The commons with capital markets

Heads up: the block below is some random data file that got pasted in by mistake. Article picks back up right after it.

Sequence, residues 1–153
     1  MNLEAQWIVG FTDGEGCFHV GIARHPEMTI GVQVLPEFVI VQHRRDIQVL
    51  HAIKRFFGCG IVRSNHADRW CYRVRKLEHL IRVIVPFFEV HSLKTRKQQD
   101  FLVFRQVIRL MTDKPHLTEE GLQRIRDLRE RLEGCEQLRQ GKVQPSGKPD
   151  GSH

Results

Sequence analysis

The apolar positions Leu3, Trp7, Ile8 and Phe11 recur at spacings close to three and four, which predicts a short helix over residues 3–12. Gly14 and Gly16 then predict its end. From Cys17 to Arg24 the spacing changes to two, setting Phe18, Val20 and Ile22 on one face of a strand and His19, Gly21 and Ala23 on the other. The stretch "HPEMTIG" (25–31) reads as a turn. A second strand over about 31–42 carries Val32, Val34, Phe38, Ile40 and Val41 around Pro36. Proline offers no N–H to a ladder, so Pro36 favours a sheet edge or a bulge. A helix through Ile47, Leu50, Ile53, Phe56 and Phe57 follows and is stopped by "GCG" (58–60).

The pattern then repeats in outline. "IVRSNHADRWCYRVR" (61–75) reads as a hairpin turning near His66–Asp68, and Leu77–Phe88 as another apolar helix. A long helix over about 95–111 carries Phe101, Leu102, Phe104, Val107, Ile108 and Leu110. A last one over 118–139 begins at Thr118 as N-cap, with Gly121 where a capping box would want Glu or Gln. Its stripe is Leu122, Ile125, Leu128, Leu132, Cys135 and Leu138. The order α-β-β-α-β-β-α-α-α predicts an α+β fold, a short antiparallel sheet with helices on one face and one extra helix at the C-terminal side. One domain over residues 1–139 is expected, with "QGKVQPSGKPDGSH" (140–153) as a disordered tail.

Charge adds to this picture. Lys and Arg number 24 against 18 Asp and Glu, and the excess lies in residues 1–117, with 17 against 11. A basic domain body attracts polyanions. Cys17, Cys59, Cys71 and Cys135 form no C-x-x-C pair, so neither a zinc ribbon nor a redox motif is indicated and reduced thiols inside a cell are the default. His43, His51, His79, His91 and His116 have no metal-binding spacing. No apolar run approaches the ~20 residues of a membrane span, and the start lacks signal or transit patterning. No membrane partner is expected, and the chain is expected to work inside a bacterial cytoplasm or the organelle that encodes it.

We explore commons problems when agents have access to capital markets. The commons has a high intrinsic rate of return but its fruits cannot be secured by individual agents. Resources transferred to the capital market earn lower returns, but are secure. In a two period model, we assess the consequences of market access for the commons' survival and welfare; we compare strategic and competitive equilibria. Market access generally speeds extinction, with negative welfare consequences. Against this, it allows intertemporal smoothing, a positive effect. In societies in which the former effect dominates, market liberalisation may be harmful. We reproduce the multiple equilibria found in other models of competitive agents; when agents are strategic, extinction dates are unique. Strategic agents generally earn their surplus by delaying the commons' extinction; in unusual cases, strategic agents behave as competitive ones even when their numbers are small.commons, capital markets, Washington Consensus, property rights

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